Umicore history, profile and corporate video
Umicore is engaged in the materials technology business. It operates through the following business segments: Catalysis, Energy Materials, Performance Materials and Recycling. The Catalysis segment produces automotive catalysts for emission abatement in light and heavy duty vehicles, and catalyst products used in chemical processes such as the fine-chemical and life science industries. The Catalysis segment is composed of the Automotive Catalysts and Precious Metals Chemistry business units. The Energy Materials segment focuses on materials used in rechargeable batteries, in both portable electronics and hybrid electric vehicles and solar energy. The Energy Materials segments is composed of the following business units: Cobalt Specialty Materials, Electro-Optic Materials, and Thin Film Products. The Performance Materials segment applies its technology and know-how to the unique properties of precious and other metals, and is composed of the following business units: Zinc Chemicals, Electroplating, Platinum Engineered Materials, Technical Materials, and Building Products. The Recycling segment treats complex waste streams containing precious and other non-ferrous metals, and is composed of the following business units: Precious Metals Refining, Precious Metals Management, Battery Recycling, and Jewellery & Industrial Metals. The company was founded on July 7, 1904 and is headquartered in Brussels, Belgium.“
The historical roots of Umicore go back more than 200 years and the Group in its current form is the result of the coming together of a number of mining and smelting companies which gradually evolved into the materials technology and recycling company Umicore is today.
On 17 December 1805, Jean Dony obtained the concession of the Vieille-Montagne mine in Moresnet, on what is today the border between Belgium and Germany. This date can thus be said to mark the beginning of what became in 1837 the “Société Anonyme des Mines et Fonderies de Zinc de la Vieille-Montagne”, the oldest of Umicore’s predecessor companies.
The history of another main strand of Umicore, Union Minière, commenced in 1906. At that time it was known as Union Minière du Haut Katanga (UMHK) and its activity consisted of exploiting the rich mineral resources of Belgium’s colony of the Congo: copper, cobalt, tin and precious metals.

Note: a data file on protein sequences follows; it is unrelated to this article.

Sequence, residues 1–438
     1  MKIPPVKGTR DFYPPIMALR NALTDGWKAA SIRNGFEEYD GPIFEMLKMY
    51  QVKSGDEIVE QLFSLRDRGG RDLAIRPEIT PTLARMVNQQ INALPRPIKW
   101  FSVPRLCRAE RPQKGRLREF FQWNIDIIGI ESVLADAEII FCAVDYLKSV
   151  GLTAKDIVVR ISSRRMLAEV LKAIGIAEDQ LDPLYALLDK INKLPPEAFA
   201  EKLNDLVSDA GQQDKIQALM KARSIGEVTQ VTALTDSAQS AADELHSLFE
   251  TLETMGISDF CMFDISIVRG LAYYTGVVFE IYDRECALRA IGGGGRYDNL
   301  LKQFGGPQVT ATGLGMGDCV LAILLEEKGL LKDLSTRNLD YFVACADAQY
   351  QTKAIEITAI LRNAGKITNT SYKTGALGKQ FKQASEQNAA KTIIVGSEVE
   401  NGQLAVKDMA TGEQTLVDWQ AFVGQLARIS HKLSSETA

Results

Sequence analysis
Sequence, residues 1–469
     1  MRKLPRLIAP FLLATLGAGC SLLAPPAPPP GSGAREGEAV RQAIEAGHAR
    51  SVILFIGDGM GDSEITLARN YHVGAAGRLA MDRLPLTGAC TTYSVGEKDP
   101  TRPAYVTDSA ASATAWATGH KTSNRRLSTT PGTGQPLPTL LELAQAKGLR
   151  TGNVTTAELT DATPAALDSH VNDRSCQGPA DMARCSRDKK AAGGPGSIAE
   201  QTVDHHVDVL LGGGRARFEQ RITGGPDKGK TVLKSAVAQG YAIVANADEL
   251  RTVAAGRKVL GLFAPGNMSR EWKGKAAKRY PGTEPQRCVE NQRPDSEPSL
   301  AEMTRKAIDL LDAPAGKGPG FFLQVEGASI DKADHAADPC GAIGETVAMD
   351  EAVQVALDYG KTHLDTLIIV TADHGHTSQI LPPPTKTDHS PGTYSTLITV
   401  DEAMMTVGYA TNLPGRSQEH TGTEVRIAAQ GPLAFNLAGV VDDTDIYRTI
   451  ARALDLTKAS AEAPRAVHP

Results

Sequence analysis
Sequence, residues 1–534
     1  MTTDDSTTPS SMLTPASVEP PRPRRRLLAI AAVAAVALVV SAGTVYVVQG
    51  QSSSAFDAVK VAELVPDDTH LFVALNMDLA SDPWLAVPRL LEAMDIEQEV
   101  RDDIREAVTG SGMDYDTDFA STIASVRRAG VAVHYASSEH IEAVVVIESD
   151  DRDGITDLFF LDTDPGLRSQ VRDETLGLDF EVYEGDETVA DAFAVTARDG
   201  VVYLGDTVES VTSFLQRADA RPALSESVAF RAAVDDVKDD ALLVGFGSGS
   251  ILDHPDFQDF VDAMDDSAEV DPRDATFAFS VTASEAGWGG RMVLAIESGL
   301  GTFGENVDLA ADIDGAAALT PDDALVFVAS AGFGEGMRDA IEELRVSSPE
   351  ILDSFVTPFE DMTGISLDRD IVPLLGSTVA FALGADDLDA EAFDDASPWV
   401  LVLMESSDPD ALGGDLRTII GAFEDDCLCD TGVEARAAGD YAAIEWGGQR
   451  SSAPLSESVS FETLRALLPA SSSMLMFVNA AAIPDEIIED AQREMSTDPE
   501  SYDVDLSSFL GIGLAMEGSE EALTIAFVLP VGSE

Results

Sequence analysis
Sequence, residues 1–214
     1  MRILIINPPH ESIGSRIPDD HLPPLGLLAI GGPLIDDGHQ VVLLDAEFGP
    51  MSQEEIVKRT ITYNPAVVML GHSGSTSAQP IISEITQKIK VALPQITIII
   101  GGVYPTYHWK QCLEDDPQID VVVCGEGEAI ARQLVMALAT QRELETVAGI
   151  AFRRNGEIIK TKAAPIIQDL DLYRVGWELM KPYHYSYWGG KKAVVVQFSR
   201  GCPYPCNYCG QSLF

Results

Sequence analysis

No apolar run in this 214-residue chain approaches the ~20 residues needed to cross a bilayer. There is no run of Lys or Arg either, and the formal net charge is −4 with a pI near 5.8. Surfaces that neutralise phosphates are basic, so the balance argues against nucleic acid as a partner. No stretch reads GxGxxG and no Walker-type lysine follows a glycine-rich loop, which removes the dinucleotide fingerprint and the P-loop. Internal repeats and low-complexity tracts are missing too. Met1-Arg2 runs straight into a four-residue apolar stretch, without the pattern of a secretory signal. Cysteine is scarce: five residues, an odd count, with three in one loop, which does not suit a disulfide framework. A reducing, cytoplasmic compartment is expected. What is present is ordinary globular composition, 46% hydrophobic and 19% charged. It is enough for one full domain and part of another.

After the company’s assets were nationalized by the Zairian government in 1968, Union Minière set out to develop new mining and refining activities. It eventually became a sub-holding of Société Générale de Belgique.
The merger in 1989 of Union Minière with its subsidiaries, Metallurgie Hoboken-Overpelt (copper, lead, cobalt, germanium, precious metals and special metals), Vieille-Montagne (zinc) and Mechim (engineering) transformed Union Minière into an integrated industrial group.
Union Minière increasingly positioned itself as a specialty materials company in the late 1990s, focusing on precious metals, high-margin zinc products and advanced materials based mainly on cobalt and germanium. It had earlier sold its remaining mining and other non-strategic assets. To symbolise this trend of moving away from mining and the production of commodities and base metals, the Group changed its name to Umicore in 2001.
The acquisition of PMG in 2003 added a new dimension to the company, including a major presence into the automotive catalyst sector. PMG was in fact the former precious metals unit of the German Degussa group – the very company which, in 1887, had been a founding shareholder of Umicore’s Hoboken plant. In 2005 Umicore spun off its copper business into a separate company, Cumerio, which was separately listed on the Brussels stock exchange. In 2007 Umicore combined its zinc refining & alloys business with that of Zinifex. The new company, Nyrstar, was also listed in Brussels. During the same year Umicore acquired the automotive catalyst division of Delphi, which reinforced Umicore’s global leadership positions in the automotive catalyst business
Today Umicore is aglobal materials technology and recycling group, with more than 14,000 employees and a turnover of €12.5 billion.”
*Information from Forbes.com and Umicore.com
**Video published on YouTube by “umicore“